Didn’t Come All This Way

Steve Smyers, golf architect and elite player recounted a story told to him by Nick Faldo. Nick goes to meet with Ben Hogan to discuss course management, and Nick is well aware that Hogan would walk a course backwards before playing it, so he knew the best angles to approach the greens. Faldo would say to Hogan “but Mr. Hogan, in your time, agronomy was terrible, fairways shagging, turf was not irrigated, and balls were unpredictable, you had to find the best angles to run it up. Today, the fairways are perfect, and the ball spins. Modern pros don’t look for ways to run it up, they fly it to the center and might work it left or right into the pin”.

This begs the question, is there such thing as golf hole design strategy? If there is no point to getting the “right angle” why are holes designed with these time tested templates. Templates like, “you drive in next to the trouble, you have a better angle to the pin”.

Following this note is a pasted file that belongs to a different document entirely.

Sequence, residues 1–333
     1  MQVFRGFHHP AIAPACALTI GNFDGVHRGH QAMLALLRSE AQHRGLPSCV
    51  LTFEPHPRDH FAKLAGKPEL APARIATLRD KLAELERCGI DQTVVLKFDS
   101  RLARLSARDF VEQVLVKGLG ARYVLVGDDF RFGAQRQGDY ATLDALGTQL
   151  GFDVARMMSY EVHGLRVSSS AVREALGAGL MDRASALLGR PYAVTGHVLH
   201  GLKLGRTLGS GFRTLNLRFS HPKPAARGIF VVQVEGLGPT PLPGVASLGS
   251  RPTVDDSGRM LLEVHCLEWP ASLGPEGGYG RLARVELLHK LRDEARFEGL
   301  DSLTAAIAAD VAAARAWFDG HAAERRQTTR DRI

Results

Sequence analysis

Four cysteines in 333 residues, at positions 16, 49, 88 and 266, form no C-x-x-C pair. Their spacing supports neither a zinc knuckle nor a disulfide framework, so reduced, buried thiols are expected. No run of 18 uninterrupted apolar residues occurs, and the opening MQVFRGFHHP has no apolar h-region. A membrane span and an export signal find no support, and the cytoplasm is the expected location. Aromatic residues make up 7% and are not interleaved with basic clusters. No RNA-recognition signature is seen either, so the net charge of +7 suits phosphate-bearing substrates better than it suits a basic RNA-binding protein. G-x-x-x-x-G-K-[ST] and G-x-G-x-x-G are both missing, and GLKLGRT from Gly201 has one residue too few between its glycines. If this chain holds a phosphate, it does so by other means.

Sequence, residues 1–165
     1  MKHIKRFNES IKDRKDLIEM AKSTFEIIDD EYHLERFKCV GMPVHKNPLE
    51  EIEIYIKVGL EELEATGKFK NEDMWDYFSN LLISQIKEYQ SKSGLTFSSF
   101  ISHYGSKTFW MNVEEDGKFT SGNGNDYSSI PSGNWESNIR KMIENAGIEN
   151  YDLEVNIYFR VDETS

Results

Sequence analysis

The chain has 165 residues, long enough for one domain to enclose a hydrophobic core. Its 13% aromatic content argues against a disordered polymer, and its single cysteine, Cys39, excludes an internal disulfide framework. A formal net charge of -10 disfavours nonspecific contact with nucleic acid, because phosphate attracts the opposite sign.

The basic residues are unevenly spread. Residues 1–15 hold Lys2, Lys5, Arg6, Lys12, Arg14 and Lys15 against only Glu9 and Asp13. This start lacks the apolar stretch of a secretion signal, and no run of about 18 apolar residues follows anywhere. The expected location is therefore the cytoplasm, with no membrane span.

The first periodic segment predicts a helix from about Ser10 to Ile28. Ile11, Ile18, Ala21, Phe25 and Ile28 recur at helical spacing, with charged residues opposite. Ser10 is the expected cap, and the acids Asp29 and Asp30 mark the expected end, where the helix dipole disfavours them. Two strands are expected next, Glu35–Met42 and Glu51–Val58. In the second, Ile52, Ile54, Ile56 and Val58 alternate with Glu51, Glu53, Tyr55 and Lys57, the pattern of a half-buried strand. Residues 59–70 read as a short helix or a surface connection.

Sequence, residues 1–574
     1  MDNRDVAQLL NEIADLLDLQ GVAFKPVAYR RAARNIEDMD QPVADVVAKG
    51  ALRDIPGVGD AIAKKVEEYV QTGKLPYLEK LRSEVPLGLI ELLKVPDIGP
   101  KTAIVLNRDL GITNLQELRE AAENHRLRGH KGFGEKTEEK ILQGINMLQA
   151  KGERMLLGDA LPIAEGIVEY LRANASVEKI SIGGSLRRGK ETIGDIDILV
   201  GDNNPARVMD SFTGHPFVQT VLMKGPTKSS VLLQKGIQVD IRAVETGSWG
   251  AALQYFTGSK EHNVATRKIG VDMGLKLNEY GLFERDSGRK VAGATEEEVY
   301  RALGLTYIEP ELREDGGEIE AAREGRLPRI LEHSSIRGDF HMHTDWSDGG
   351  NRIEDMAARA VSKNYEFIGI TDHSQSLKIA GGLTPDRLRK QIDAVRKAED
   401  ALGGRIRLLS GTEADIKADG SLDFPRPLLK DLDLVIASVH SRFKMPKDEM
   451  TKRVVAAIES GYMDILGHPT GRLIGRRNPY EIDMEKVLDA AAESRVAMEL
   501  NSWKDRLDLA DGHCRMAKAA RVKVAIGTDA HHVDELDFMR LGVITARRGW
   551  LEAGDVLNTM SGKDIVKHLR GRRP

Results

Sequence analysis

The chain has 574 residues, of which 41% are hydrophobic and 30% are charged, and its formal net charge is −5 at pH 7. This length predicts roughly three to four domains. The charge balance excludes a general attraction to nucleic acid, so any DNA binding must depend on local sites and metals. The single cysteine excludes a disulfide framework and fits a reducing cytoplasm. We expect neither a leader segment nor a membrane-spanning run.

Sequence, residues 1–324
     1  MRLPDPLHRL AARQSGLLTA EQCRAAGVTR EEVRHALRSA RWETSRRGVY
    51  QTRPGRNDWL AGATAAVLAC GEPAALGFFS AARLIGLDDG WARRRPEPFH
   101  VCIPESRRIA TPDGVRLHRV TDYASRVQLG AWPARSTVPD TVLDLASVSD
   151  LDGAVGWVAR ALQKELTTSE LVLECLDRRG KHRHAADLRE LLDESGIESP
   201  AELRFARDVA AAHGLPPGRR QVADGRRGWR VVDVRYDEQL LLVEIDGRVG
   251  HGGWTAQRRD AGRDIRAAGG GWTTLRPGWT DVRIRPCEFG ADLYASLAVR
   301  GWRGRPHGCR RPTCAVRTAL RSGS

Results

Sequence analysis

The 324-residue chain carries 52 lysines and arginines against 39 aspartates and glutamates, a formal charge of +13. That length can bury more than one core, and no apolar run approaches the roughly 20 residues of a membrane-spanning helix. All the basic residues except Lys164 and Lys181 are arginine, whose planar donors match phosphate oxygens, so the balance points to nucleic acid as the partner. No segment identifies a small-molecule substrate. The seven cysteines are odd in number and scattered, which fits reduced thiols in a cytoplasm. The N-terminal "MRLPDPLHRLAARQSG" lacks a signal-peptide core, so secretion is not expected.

You are probably saying, well no one reading this article is an elite player. That furthers the argument. If elite players don’t follow the strategy, and average players have no idea where the ball is going, what is the point of designing strategies?

I think you could make the case that strategies are not physical tactics, they are mental decisions. Yes, the shot from next to the hazard will be easier, but should you be trying to hit it next to the  hazard? Should you be trying to hit it next to the hazard on all 14 driving holes? If you are playing in the member/guest, should you be trying to hit it next to the hazard 14 times a day, for all 3 days? Elite players have figured out that there is no way this will turn out well. Hole design strategy is always tugging at them, but it is the mental discipline to play the percentages that makes them so good. Maybe you’re a average player simply because you can’t assess the awful things the architect is tempting you to do. But then again…you didn’t come all this way to lay up.

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